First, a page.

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The Geopolitics of Emotion by Dominique Moisi (thoughts)

October 7, 2013

Geopolitics of Emotion
The Geopolitics of Emotion by Dominique Moisi had the potential to go horribly wrong. Moisi is a French intellectual, and this slim book is his exploration of seeing international politics through the lens of nationwide emotions: specifically hope, fear, and shame. As he associates different emotions with different regions of the world, you can imagine how quickly such an analysis could fall into racist, colonialist, etc. stereotypes of epic proportions. So it was with a mixture of curiousity and concern that I began reading, not to mention a firm intention to abandon the book at the slightest hint of cultural superiority.

Instead, I found a thoughtful, if broad, approach that included enough self awareness that I finished with a great deal of respect for Moisi and what he attempted to do. This is a slim book, with about one hundred fifty pages of text and another twenty or so in notes, bibliography, and index. Clearly, it’s more of a thought experiment than exhaustive scholarly analysis, a fact Moisi freely acknowledges. But I feel like that is one of its strengths: written in a straight forward style, it’s an excellent general public anecdote to the civilisation clash nonsense that seems to pervade international perceptions these days. And while it does use a broad lens to explore current global situations, it never degenerates into oversimplifications. Thus, it’s the kind of book I could happily recommend to people without my intense interest in international affairs, and that they might actually pick up and read. I also think it’d make an excellent group read, either for a book group or just friends who enjoy intellectual conversation.

I suppose part of the appeal for me as well is Moisi’s explicit rejection of a social science tendency to discount emotions and the softer side of human character. Witness neoliberal economics and their “rational man” nonsense. The Geopolitics of Emotion would not be terribly convincing as some kind of international relations Grand Unifying Theory, and it necessarily flattens out all of the complexities of the historical interactions between countries. But as a suggestion to see world politics in a different light, to explore the humanity that has to be part and parcel of what are, at the end of the day, interactions between and decisions made by individuals and the groups they represent, it is valuable. Moisi walks a fine line, but he does it with style.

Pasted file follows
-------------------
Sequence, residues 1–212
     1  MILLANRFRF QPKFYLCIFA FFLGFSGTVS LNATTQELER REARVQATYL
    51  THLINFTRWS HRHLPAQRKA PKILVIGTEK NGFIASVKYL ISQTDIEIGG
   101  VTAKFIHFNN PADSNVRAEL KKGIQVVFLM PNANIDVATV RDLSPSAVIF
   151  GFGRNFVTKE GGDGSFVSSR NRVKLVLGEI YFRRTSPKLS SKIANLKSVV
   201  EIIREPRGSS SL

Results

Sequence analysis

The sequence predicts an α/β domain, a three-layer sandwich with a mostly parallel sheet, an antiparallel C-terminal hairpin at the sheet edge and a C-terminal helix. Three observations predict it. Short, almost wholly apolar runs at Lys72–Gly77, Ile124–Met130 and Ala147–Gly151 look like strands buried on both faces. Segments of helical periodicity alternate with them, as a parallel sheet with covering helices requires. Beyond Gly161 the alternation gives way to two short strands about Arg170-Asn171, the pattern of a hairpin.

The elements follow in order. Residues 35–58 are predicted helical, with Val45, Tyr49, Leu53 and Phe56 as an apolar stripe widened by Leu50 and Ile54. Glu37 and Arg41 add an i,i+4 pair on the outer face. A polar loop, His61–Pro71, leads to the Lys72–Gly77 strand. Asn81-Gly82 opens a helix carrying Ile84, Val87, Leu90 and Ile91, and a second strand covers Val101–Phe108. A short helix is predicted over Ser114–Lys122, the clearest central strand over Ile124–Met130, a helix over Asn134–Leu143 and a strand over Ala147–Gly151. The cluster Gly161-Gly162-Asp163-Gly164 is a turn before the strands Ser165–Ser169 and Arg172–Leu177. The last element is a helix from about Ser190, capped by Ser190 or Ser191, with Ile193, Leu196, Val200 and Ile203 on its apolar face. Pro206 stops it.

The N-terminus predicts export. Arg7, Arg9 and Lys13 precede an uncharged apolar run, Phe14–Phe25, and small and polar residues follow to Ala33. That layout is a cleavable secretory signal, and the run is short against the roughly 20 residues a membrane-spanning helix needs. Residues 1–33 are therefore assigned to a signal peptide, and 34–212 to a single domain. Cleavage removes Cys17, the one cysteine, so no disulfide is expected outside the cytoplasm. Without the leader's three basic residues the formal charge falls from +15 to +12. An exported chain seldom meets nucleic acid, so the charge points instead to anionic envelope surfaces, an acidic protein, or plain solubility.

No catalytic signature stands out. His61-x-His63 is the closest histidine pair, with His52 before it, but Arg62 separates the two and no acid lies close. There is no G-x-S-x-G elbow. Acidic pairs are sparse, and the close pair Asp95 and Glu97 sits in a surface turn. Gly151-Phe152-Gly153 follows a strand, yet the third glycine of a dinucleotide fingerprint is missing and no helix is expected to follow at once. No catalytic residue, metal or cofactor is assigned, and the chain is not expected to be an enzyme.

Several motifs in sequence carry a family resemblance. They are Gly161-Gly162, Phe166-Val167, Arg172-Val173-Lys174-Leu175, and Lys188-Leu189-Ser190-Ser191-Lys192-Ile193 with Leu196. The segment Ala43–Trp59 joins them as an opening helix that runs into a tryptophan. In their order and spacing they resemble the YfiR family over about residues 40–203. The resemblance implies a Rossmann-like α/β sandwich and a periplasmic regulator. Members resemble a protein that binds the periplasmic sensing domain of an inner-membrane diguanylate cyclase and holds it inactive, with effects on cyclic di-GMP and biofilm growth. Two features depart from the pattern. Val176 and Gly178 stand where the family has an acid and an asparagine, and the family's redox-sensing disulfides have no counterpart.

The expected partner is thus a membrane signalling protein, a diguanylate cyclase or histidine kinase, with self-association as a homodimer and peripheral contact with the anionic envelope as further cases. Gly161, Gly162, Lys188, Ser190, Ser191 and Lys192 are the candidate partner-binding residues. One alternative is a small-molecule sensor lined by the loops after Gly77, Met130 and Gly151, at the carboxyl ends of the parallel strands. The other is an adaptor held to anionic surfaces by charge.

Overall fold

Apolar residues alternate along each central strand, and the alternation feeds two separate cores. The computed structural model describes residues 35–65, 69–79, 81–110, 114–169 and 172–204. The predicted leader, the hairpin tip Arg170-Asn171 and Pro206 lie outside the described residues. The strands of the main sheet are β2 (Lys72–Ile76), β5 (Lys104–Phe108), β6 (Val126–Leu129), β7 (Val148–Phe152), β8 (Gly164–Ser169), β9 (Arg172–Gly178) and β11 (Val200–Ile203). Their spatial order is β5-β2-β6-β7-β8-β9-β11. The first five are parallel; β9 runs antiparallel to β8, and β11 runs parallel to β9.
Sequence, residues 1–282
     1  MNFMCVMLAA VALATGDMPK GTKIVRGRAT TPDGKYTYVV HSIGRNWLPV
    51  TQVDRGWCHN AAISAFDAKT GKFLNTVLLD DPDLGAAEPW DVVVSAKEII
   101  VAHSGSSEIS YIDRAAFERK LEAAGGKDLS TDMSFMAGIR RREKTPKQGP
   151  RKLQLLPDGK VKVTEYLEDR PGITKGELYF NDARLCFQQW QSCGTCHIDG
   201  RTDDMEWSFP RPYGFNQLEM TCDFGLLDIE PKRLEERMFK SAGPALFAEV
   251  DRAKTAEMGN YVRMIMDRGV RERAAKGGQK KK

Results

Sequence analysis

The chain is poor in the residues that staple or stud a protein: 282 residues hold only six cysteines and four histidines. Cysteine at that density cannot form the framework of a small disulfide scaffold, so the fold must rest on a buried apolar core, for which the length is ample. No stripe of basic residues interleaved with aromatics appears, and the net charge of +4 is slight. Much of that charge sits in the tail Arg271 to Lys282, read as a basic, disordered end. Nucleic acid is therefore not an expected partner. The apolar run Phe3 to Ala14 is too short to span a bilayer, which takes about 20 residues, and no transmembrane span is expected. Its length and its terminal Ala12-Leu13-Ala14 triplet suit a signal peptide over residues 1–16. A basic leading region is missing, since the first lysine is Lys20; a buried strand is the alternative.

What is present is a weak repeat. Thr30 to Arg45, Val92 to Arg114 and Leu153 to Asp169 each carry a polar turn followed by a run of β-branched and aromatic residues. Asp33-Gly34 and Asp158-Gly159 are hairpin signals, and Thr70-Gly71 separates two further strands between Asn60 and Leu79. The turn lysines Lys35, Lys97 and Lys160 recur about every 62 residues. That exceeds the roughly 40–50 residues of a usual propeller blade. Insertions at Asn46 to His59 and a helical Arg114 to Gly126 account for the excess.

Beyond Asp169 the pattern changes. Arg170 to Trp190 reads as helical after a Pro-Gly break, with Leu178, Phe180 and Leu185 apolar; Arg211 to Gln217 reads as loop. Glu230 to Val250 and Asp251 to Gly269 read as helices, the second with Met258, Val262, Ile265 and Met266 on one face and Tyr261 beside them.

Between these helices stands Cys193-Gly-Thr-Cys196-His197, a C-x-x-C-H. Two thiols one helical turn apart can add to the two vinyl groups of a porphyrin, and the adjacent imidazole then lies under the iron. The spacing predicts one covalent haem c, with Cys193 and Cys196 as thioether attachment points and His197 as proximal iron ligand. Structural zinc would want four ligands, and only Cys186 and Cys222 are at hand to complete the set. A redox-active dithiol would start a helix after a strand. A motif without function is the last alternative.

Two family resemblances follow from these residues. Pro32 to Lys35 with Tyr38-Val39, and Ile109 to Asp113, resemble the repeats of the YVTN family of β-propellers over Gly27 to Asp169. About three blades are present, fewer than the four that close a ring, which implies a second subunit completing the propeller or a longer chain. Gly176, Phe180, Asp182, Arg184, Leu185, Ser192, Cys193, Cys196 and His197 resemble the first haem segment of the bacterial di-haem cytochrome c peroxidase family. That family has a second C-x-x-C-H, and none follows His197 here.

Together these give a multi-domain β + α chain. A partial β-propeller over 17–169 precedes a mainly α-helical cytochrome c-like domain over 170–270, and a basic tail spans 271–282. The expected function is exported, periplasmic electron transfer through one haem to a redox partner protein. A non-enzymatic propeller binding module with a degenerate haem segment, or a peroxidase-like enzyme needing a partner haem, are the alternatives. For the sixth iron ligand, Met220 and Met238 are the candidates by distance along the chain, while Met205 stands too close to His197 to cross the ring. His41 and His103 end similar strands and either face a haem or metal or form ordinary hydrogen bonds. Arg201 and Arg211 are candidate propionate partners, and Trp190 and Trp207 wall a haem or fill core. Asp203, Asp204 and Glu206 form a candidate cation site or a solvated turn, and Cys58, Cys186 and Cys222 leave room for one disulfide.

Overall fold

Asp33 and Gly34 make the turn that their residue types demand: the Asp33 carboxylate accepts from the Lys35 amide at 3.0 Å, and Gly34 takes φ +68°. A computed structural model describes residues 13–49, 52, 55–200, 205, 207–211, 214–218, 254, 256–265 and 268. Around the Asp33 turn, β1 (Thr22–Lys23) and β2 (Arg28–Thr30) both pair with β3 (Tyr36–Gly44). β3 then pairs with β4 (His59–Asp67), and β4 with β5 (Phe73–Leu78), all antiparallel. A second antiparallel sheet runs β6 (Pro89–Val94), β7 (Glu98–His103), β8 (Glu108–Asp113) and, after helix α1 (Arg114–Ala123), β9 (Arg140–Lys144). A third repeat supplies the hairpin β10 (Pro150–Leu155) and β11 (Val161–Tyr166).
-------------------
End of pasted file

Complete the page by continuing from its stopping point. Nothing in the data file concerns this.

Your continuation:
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6 Comments leave one →
  1. dastevensish permalink
    October 7, 2013 6:40 am

    This sounds wonderful! And I’m not even afraid it’s over my head. :P And yay! I already hopped over to the library website and found they have it right here at the local branch. Win-win-win.

    • October 7, 2013 4:54 pm

      Yay! I’m still mildly horrified at the idea of having to pay for local holds. But training brain to think of it as library donations. ;)

  2. October 7, 2013 2:04 pm

    It’s great when nonfiction authors are able to frame something contentious in a way that’s interesting and convincing without being — I don’t know if adversarial is the right word. But without feeling the need to say why everything else is wrong. It sounds like Moisi was saying “and” more than “or” if that makes sense?

    • October 7, 2013 4:55 pm

      Yes! That does make sense & I do think Moisi took that approach. Except he is a bit adversarial re: Huntington, but that just made me like him more. ;)

  3. October 11, 2013 6:17 am

    It looks fascinating. I have to check if my library has it.

  4. October 31, 2013 12:46 pm

    How interesting! The concept gave me the same reaction as you – it could easily be an intellectual train-wreck. Amazing and inspiring to hear that he managed to bring it off. I love the point about emotions, which have been slowly marginalised in social science as people are increasingly seen as rational economic units, even though this bares no relation to the reality of human nature.

Thank you for commenting! For a long while, my health precluded me replying to everyone. Yet I missed the conversation, so I'm now making an effort to reply again. It might take a few days though, and there will be times when I simply can't. Regardless, I always read and value what you say.

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